world was one of the necessary conditions required for answering vital anthropolo-
gical questions. It was logically analogous to the broadening of the base of visual
observation of objects in outer space after the invention of the telescope. The
growing acquaintance with the peoples of distant, almost semi-fabulous lands,
through the proliferation of Narratives, Descriptions and Collections of the reports of
travelers of all kinds, brought home to the peoples of Europe the inescapable fact
that their own outlook was, after all, extremely parochial. The idea of cultural
relativity did not have t o await the development of cultural anthropology. “It is
perfectly correct to say,”’ writes Hazard, “that all the fundamental concepts, such
as Property, Freedom, Justice and so on, were brought under discussion again as a
result of the conditions in which they were seen to operate in far-off countries, in the
first place because, instead of all differences being referred to one universal arche-
type, the emphasis was now on the particular, the irreducible, the individual; in
the second, because notions hitherto taken for granted could now be checked in the
light of facts ascertained by actual experience, facts readily available to all inquiring
minds. Proofs, for which an opponent of this dogma or that had laboriously to rum-
“For further details see Wittkower.
12See,e.g., Lute, who points out that the Sumerians entertained the idea of progressive stages in
the cultural development of man. Yet there is no evidence of empirical research. Cj. the Three Age

mage about in the storehouses of antiquity, were now reinforced by additional ones,
brand-new and highly coloured. See them just arrived from abroad, all ready for
In many respects an adequate temporal dimension relevant for the study of
man lagged far behind a global geographical perspective. It could not become sig-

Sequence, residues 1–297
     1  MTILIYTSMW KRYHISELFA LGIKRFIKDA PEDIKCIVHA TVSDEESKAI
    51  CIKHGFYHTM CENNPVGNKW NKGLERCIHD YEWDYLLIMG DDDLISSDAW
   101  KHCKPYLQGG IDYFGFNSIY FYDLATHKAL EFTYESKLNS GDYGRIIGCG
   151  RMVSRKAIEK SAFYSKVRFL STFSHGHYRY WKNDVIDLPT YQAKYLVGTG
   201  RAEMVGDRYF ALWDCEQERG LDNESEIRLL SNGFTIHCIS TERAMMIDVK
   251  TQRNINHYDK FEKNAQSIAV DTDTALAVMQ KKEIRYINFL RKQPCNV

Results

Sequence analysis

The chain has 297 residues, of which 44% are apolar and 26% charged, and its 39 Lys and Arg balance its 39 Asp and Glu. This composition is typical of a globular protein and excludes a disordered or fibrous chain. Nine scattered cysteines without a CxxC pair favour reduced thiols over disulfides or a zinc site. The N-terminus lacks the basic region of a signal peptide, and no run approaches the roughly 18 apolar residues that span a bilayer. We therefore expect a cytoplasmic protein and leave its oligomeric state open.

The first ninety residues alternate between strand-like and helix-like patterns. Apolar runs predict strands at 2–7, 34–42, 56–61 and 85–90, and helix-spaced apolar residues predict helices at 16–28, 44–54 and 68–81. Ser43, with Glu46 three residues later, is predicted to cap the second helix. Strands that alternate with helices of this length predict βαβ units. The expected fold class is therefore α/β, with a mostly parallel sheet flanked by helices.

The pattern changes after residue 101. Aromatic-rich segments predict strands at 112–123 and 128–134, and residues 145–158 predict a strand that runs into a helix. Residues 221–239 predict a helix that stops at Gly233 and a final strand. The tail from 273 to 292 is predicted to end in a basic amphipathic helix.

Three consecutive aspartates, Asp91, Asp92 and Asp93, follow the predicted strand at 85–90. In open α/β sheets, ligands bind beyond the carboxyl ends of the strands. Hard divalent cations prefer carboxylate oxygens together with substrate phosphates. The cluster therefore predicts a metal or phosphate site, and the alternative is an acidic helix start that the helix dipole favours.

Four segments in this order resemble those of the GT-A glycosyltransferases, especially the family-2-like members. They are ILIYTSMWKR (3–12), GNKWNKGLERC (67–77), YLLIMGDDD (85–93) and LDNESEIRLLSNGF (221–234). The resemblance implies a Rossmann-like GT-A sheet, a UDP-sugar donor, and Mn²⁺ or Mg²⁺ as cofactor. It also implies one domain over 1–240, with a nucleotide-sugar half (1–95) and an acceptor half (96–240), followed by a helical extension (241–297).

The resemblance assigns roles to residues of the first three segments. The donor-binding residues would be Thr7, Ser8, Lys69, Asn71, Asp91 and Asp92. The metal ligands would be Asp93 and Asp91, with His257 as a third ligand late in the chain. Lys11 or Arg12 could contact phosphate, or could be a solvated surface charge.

nificant until the traditional view that the whole of creation and man’s entire history
could be encompassed within the span of 6000 years was displaced. It was con-
tingent upon a reconsideration of the chronology of human historyli4a revitalization,
linked with material evidence, of the Three Age system of man’s industrial develop-
ment, (stone, bronze, iron ages),15the periodization of the history of the earth, in
terms of geological and paleontological evidenceIi6and the empirical demonstration
of man’s “prehistory”, a term used for the first time in 1851.i7 It will be recalled
that John Frere, who sent some flint hand axes to the Secretary of the Society of
Antiquaries of London in 1797, remarked in his accompanying letter that the situa-
tion in which they were found tempted one “to refer them to a very remote period
indeed; even beyond that of the present world”. (Italics ours.) But these remarks were
ignored. Although modern archaeologists would place these tools in the Lower
Paleolithic, no one took Frere’s speculations seriously.i8 At this time there was no
temporal frame of reference into which they could be fitted. But more than this was
involved: there was no archeological frame of reference, either. As Heizer points
out, certain preconditions had to be met, “stone tools had to be admitted as having
13Hazard,p. 10. Cf. Butterfield (Origins. . . . , pp. 183-184), who makes the point that changes
in European thought and value towards the end of the seventeenth century were not only due to